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Posts published in “Day: March 3, 2005”

All Fridays are good, ain’t they?

Maybe March will bring some better weather than all the wet and cold conditions and all that has been around. Bring back the 80’s make my day.

I’m itching to get in the garden and do my thing; one of which is to catch the cat that has discovered my garden. I’ll sting its tail with a BB if caught squatting. Ain’t nothing worser than cat!

I told the Mrs. I was ready for a spring fling. She told me to go get the shovel and fling some over the back fence.

Actually with spring being three weeks away, it is time for a weekend jaunt, short road trip or a spring fling for us. She told me she has the day off on Good Friday so we will have a three day weekend and I told her I thought all Fridays were good, ain’t they?

Maybe a little road trip towards Austin to see the blue bonnets in bloom and what ever may spark an interest. Maybe later on a trip to Canton & First Monday Trade Days will cure the spring fever urge to go for the time being. With the First Monday Trade Days it’ll get the itch out of my system because all of the walking involved.

Maybe just a simple “get out of Dodge” for a weekend excursion will do the trick or scratch the itch of relief from life’s many stresses. A different stroke and a day away from every day life coupled with those contained therein if you savvy. Lord knows we all need a little more than a sigh of relief sometimes.

I asked the Mrs. just now, “What’cha want to do right now, no matter the cost or whatever. What do you want to do?”

She said, “I don’t want to do anything now, why?”

Talk about content.

Maybe I’ll get a scratch later.

Riding around the yacht basins around Galveston Bay would be nice on this sunny and cool day. I’d buy supper and make her chuckle more than once but mind you, she’s got lots of smarty mouth answers to reply to mine now days. She had a good teacher.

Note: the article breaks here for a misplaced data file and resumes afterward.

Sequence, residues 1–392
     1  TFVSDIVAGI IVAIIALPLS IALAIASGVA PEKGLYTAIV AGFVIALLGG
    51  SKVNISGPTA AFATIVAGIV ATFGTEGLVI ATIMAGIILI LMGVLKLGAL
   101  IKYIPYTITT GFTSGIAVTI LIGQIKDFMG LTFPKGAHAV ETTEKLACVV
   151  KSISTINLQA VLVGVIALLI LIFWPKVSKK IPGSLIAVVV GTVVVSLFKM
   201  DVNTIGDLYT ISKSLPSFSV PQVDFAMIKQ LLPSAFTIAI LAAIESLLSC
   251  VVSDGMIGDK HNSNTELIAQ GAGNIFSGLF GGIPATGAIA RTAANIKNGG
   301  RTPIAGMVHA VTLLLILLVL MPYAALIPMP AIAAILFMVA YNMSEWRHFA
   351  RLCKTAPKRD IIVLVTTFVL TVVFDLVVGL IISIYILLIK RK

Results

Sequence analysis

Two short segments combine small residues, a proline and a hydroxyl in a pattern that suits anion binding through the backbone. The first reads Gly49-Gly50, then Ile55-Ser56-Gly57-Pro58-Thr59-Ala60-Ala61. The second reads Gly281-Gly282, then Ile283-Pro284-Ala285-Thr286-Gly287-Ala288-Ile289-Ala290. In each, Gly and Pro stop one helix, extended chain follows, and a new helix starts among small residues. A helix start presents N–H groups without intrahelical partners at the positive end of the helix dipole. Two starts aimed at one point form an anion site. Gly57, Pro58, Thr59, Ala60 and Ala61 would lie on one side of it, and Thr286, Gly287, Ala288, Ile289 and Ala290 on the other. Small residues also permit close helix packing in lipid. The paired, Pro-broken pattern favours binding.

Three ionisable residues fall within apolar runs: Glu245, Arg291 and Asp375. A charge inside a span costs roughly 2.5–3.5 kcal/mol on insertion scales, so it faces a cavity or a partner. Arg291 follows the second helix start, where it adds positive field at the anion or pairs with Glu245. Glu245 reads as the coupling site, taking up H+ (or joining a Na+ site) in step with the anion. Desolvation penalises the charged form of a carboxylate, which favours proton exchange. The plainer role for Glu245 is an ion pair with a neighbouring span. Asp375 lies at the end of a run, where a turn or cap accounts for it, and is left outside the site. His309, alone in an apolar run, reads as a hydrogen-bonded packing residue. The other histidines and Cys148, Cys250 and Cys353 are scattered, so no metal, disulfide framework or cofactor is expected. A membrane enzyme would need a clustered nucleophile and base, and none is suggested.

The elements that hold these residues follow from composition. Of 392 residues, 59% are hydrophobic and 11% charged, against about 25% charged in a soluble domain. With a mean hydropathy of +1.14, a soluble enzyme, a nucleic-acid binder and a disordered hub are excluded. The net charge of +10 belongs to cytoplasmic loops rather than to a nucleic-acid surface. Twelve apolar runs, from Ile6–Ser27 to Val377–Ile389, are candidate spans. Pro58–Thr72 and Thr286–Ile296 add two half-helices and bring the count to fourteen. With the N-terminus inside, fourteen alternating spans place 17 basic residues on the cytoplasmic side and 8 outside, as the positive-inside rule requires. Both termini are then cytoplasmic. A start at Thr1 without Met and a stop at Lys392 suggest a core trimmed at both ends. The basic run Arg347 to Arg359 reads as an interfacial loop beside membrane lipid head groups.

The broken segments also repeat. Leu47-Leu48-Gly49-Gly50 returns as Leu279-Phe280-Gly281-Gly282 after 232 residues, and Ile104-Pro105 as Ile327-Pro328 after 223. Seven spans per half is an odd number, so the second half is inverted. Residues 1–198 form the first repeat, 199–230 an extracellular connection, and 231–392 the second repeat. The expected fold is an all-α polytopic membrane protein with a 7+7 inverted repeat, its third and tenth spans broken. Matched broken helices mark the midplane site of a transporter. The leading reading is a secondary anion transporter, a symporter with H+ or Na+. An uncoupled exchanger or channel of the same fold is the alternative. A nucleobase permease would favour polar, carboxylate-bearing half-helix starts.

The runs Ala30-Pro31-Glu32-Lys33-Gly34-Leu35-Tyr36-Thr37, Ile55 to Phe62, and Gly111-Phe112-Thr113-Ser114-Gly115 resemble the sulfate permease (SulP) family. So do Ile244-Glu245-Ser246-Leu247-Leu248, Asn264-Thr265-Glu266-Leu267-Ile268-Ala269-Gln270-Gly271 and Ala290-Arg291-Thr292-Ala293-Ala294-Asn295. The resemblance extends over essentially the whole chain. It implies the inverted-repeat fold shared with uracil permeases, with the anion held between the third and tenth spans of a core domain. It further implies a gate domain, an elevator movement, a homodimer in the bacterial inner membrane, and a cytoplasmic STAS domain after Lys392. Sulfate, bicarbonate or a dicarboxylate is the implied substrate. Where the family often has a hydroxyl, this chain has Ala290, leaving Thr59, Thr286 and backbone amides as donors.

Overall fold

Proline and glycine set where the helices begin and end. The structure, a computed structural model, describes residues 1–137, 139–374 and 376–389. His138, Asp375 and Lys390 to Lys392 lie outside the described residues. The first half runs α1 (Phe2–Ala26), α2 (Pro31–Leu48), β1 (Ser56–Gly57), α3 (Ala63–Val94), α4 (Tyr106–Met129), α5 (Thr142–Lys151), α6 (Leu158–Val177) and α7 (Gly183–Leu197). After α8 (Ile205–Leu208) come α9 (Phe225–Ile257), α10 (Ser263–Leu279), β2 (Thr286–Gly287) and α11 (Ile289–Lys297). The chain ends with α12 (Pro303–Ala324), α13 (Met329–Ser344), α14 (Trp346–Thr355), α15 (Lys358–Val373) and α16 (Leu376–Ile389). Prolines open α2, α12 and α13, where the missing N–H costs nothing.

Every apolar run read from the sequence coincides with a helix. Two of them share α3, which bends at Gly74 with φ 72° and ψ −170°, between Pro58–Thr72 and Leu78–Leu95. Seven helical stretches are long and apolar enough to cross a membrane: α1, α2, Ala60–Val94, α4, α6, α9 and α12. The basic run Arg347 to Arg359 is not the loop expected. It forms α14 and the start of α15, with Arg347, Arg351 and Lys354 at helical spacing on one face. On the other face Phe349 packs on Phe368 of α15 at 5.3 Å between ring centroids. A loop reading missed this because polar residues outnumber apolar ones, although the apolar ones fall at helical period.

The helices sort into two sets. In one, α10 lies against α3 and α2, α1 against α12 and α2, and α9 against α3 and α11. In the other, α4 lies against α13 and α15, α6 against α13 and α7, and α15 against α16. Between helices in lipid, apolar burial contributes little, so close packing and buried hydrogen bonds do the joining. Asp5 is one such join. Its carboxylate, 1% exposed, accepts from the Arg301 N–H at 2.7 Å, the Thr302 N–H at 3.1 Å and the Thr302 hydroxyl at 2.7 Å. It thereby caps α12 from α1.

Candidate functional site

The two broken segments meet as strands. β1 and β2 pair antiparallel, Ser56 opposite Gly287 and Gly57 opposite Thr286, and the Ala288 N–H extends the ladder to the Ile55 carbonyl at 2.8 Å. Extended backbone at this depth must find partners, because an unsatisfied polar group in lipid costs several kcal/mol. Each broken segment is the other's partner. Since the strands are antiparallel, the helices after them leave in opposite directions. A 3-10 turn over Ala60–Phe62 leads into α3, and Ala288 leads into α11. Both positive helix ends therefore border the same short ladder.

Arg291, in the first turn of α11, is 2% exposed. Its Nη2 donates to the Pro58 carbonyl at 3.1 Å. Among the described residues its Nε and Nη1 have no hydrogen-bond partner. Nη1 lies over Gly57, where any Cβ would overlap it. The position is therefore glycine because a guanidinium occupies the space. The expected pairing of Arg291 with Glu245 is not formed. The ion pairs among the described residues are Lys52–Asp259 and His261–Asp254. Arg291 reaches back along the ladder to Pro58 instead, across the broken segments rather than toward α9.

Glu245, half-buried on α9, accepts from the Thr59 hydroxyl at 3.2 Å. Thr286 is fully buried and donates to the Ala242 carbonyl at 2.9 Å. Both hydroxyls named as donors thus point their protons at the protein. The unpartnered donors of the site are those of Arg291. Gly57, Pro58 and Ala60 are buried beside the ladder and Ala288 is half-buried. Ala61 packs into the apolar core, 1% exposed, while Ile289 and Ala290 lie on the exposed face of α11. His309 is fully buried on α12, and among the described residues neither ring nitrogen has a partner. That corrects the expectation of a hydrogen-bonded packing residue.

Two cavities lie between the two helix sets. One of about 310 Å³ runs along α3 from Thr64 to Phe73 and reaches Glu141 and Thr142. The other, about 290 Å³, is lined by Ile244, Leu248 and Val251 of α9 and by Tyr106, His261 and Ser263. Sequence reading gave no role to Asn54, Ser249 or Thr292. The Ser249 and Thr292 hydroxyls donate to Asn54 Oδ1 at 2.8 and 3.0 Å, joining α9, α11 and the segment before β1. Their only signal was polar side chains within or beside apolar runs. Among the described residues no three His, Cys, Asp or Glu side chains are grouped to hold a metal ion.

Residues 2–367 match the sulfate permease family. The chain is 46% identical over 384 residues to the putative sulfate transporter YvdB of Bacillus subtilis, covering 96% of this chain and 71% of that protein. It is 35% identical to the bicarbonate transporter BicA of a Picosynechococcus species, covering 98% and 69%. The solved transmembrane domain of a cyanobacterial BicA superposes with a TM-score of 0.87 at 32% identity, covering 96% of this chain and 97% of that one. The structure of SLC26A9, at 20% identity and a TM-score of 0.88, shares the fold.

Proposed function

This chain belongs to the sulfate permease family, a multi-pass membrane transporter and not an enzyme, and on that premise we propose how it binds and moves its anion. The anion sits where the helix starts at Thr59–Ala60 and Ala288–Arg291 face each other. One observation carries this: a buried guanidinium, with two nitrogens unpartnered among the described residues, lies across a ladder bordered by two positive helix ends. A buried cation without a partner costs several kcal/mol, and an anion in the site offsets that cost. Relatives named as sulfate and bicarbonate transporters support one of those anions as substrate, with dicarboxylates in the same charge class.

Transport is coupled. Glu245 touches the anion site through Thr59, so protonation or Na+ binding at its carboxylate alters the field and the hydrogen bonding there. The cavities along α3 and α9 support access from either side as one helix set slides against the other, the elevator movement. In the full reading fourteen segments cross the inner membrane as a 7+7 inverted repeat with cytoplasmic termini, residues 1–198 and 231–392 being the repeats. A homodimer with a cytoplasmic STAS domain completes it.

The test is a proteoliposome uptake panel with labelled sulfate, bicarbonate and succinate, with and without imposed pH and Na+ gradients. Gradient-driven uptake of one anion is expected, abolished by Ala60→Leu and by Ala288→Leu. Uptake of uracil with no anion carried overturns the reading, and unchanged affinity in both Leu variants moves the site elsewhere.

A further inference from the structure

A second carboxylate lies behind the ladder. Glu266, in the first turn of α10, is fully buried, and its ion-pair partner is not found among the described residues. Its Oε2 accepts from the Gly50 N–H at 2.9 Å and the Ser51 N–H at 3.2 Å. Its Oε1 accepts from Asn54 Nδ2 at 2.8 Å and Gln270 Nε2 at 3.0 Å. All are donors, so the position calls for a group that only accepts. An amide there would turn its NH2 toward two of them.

If she would drive, I would go in a minute but my back seat driver’s license prevents many excursions like that so Ihave to drive. HUMPH!

* * * * *

What is your credit score? Do you know or care? Briefly your score can range from 300 to 850. I’ve seen an 849, NO MAS.

Paying on time counts for 35% of your score, that’s a big percentage. 30% of what you owe as a percentage of available credit so don’t go near your credit limit.

15% for the length of time you had credit.

10% for credit mix meaning department stores, bank cards, car payments, etc. Personal finance companies bring down your credit score!

10% for you applying for new credit so slow down on your wants.

Being at 80% of your credit limit kills your score.

Bankruptcy will stay on your credit for ten years.

I’ve known marriages that didn’t last that long.

Scout taught us a thing or two at church

He was asked to give a special message at the Crosby Methodist Church for Scout Sunday about three weeks ago. This 20-year-old college student did just that by bringing a message to the congregation entitled, “Being Jesus to Others.”

Zachary Harrison had been a Scout for several years through his teenage years and obviously his studies and Scout activities have had a positive influence. The Methodist Church, on a national basis, is the largest sponsor of Scout troops across the nation and I applaud that organization for this effort. In Harrison the local church saw its investment in youth had paid off.